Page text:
The Patrick Administration announced on July 16 that three managed care health plans had passed their “readiness review” and now have signed contracts to participate in the new “One Care” integrated health care pilot for adults age 18 and over with disabilities, who receive both MassHealth and Medicare benefits. This announcement caps more than two years of joint development between the federal Centers for Medicare and Medicaid Services (CMS) and the state’s Executive Office of Health & Human Services. In a press release, the Patrick Administration said the new plan would provide “better coordination of care for this population through global payments and personalized services.”
The 3 health plans participating in One Care include: Commonwealth Care Alliance, Fallon Total Care, and Network Health. When the state announced interested parties in May of 2011 for the plan then called the “Integrated Care Organization,” there were a total of 14 parties considering contracting with the state. Several plans were later rejected by the state, and six became finalists for the One Care project. In the end, half of the plans dropped out: the Blue Care Partnership, Neighborhood Health Plan, and BMC Health Net–,mostly over disagreements about rate inadequacy. Because only 3 plans remained in competition, one of the most controversial elements of the plan had to be modified: passive enrollment.
Under passive enrollment, duals members would be “auto assigned” to a managed care plan if they did not voluntarily pick one. Members retain the right to “opt out” of the plan—but they will have to proactively make such a choice. As the plan stands now, the only counties where members will be forced to pick a plan is where more than two One Care plans exist. There are 5 counties where no plans exist (Barnstable, Dukes, Nantucket, Bristol and Berkshire.) Only 4 counties will have passive enrollment (Hampden, Hampshire, Suffolk and Worcester.) In 5 counties (Essex, Franklin, Middlesex, Norfolk, and Plymouth) there will only be voluntary enrollment. Disability rights groups argued that no one should be passively enrolled, but the Patrick Administration stuck with its plan to force members into a plan. Ultimately the Administration has had to accept passive enrollment in 4 counties, and the total number of individuals eligible to enroll has been dropped from 110,000 to 90,000. The Administration says the plan is for people age 18 to 64—but people in the plan who turn 65 can stay in the plan regardless of how old they get. So the One Care plan has become a de facto program serving more and more elders over time.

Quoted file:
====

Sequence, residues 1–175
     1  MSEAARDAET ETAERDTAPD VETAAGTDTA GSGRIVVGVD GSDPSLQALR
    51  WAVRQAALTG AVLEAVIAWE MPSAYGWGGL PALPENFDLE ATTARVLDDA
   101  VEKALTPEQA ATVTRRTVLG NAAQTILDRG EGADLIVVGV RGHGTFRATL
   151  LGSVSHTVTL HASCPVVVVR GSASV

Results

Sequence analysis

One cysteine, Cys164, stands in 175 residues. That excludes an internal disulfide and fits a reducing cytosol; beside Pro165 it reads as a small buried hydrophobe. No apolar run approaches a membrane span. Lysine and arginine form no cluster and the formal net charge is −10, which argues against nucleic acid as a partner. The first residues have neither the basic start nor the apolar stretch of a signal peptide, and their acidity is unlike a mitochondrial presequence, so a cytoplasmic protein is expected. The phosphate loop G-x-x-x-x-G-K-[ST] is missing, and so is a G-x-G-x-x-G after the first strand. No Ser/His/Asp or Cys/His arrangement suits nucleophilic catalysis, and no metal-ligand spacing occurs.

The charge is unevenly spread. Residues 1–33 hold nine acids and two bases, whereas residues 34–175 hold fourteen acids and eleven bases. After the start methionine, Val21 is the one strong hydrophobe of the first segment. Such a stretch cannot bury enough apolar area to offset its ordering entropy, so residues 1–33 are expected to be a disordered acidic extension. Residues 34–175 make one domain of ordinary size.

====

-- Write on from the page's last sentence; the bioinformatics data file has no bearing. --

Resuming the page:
“The organizations participating in One Care have shown a high degree of collaboration, innovation, and commitment to serving our members under this new integrated care model,” said HHS Secretary John Polanowicz. “I look forward to working with them to strengthen outcomes for this population, while also reducing health care costs.”
According to the Administration, the One Care plan will “improve coordination of services provided to these individuals; the majority of whom have extremely complex medical care needs. The One Care program will also offer services that are personalized to an individual’s needs and preferences; focus on independent living and community-based supports; improve functional and health outcomes for individuals; and help reduce undesirable cost-drivers such as potentially unnecessary emergency room use, readmissions, facility-based care, and unmanaged chronic diseases.”
One Care plans will also offer behavioral health and community support services that are not currently covered by either program. These are services such as peer supports, home care services, non-medical transportation, access to community health workers, and the behavioral health community supports. The One Care plan also gives consumers the right to have an independent Long Term Services and Supports (LTSS) Coordinator on their team, to advocate for non-medical supports. One Care plans must have contracts with at least two entities providing LTSS Coordinators, one of which must be an Independent Living Center. One Care plans can contact also with Aging Services Access Points (ASAPs) and the plans must inform members who turn 60 of their right to have an ASAP LTSS Coordinator on their team.
The concept of an independent, conflict-free agent on the member’s team was originally proposed by Mass Home Care, and was written into state law. The One Care plans themselves, which will be working with seniors, have no requirement for geriatricians on staff, and no requirements to demonstrate network adequacy and staffing to serve the needs of elders. Because of MassHealth rules, people turning 65 may become ineligible for the One Care program because of stricter asset and income rules for seniors on MassHealth. Mass Home Care has filed legislation to make income and asset rules for adults on MassHealth the same regardless of age, but that bill has not be approve yet by the General Court.
Enrollments in One Care plans has been twice delayed, but now is expected to begin October 1, 2013. MassHealth has hired a PR firm to rollout a public awareness campaign to help inform people on Medicare and MassHealth about the One Care plan. The first mailings are expected to reach this low-income population in September.